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The Price of Parenting

My grandmother reads New York Magazine and recently handed me an article entitled, "The Outsourced Parent: The hands-free, do-nothing, price-is-no-object guide to rearing a child from conception to college." Being an avid reader of anything and everything kid related, I wasn't surprised by much that was in the article, like party consultants, baby nurses, personal drivers, professional potty trainers, behavioral specialists and the like. What was surprising was the price to raise a child from conception to college per "The Outsourced Parent": a whopping $4,184,633.

I understand that the article is called a "price-is-no-object guide," but consider this: A $4,184,633 total price tag represents, on average, $232,479.61 per year over 18 years. If a parent was to invest that entire amount per year in a simple money market account that earned an average of 4 percent interest over the life of the investment, after 18 years the grand total would be $5,962,035.59. (If a parent invested even half of the $232,479.61, that's still a respectable $2,981,017.79 after 18 years.) And that's a quick back-of-the-envelope calculation, not taking into account monthly compounding interest or interest rate fluctuations or anything else.

I can think of a number of things I would do with $5 million, all the while spending time with my kids!

I know there are probably many of you who are thinking the same thing as I: If you are going to pay $95 an hour to former Mets and Yankees pitcher Jack Aker so he can play catch with little Junior, or if you are going to hire a life coach to "talk" to your kid weekly, then why have kids at all?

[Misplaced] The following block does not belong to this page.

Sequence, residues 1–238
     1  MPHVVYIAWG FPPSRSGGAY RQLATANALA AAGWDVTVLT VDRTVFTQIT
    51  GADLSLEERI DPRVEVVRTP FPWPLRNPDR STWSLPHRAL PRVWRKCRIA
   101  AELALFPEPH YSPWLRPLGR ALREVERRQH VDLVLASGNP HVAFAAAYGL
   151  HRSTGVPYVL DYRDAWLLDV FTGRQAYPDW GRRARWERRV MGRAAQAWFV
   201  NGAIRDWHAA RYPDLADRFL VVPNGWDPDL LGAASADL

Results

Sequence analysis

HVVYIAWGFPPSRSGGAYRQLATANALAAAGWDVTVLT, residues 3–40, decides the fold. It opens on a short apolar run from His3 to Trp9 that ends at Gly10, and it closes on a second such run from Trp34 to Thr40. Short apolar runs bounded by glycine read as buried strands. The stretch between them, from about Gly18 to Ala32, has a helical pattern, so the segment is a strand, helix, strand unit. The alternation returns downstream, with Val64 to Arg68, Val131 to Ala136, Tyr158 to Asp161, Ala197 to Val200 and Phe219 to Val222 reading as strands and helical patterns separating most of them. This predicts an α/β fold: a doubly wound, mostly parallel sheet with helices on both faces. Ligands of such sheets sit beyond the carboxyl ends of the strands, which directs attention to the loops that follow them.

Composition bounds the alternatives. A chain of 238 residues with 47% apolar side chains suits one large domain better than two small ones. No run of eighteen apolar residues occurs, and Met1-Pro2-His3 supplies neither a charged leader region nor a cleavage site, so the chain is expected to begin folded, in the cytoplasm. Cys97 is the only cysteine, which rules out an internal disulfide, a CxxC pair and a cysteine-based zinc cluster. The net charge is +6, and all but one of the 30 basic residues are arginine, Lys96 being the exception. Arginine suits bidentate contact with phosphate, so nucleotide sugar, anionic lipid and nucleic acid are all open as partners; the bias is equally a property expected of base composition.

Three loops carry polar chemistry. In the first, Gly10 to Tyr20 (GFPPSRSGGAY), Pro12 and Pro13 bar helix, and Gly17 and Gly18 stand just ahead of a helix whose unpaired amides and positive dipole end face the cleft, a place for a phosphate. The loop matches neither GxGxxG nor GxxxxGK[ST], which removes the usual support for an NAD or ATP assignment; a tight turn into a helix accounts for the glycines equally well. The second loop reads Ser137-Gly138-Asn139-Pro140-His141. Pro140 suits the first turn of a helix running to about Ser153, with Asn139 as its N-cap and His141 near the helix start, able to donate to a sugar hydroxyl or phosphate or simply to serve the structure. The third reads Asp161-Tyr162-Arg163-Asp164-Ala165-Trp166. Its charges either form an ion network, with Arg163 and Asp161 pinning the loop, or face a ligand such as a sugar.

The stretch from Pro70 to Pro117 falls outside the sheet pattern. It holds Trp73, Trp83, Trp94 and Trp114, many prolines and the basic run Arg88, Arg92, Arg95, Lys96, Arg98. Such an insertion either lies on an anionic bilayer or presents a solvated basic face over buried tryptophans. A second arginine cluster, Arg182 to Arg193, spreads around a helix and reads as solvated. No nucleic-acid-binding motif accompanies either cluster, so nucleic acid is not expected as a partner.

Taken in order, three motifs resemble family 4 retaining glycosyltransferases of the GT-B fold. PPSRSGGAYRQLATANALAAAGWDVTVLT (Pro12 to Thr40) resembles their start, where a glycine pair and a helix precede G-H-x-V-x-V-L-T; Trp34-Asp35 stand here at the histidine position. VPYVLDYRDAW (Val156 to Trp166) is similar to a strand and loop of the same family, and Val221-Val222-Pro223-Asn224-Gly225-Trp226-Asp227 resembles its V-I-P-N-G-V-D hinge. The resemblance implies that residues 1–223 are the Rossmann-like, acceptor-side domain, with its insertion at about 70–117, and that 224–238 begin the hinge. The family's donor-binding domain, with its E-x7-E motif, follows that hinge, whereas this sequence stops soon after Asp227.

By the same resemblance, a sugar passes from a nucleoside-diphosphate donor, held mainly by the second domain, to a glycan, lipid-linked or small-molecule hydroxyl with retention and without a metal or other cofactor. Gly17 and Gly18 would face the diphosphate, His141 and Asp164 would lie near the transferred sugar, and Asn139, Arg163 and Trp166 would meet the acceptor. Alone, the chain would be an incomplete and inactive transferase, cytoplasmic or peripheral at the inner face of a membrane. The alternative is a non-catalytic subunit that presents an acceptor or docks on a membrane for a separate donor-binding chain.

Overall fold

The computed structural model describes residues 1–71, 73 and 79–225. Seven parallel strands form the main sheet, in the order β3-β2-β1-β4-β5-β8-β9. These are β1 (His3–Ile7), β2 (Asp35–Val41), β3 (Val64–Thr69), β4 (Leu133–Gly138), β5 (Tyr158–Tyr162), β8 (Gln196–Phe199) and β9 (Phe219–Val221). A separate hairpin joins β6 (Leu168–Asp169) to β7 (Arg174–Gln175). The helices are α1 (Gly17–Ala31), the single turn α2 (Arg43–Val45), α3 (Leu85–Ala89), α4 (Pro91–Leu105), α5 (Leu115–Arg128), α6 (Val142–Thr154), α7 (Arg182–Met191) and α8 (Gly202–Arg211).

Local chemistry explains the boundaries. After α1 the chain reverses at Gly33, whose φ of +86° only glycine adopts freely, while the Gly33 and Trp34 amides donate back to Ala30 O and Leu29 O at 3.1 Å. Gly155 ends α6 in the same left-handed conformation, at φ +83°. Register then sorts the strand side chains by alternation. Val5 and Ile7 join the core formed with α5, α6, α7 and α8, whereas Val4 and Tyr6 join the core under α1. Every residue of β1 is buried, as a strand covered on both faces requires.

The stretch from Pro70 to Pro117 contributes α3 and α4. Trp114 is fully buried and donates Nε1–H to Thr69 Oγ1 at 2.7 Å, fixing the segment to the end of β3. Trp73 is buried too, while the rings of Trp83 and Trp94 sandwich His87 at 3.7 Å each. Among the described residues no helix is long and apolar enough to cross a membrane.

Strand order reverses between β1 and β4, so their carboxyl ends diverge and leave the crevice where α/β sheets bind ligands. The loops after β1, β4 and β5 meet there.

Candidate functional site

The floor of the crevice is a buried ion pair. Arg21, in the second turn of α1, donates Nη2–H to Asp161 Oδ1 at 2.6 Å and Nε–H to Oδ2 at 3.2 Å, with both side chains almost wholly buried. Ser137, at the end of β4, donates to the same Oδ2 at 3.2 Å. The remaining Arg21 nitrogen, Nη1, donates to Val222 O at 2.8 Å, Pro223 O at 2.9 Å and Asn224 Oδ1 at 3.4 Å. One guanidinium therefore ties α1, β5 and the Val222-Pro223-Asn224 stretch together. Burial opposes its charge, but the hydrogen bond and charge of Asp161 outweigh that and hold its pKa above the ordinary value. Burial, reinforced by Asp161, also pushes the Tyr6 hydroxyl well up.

I've said many times over that being a parent is one of the hardest jobs I ever loved, and part of what I love is growing and learning all over again with my kids. Every time Lucas asks the proverbial, "Why?" it forces me to really think about why! Of course, after the tenth "why," I may resort to "Because I said so!" but most times his questions compel me to think about issues from a new perspective. Or when I see Lucas' apprehension at getting on his bike, I can empathize, recalling the three summers I made my dad hang on to the back of my first bike for fear that I would topple over if he let go.

I doubt that a hired hand could draw on his/her personal experiences to the extent that a "real" parent can. And I would hate for someone else to have those memories with my boys, even if I could afford to hire someone. My own childhood memories and experiences influence the parent I am today, but so too do the memories and experiences I have from the past couple of years with Lucas.

I imagine that the need to outsource parenting arises because the parent(s) must work so long and hard to pay for the services, creating a vicious cycle. Or worse, perhaps these people had children because that's what they felt they were supposed to do, with little or no intention to actually raise them...

Even though the article comes complete with the names and numbers of eager outsource providers, I hope for the next generation, the ones that my kids — and yours — belong to, that the article really does represent satire and irony — and not reality.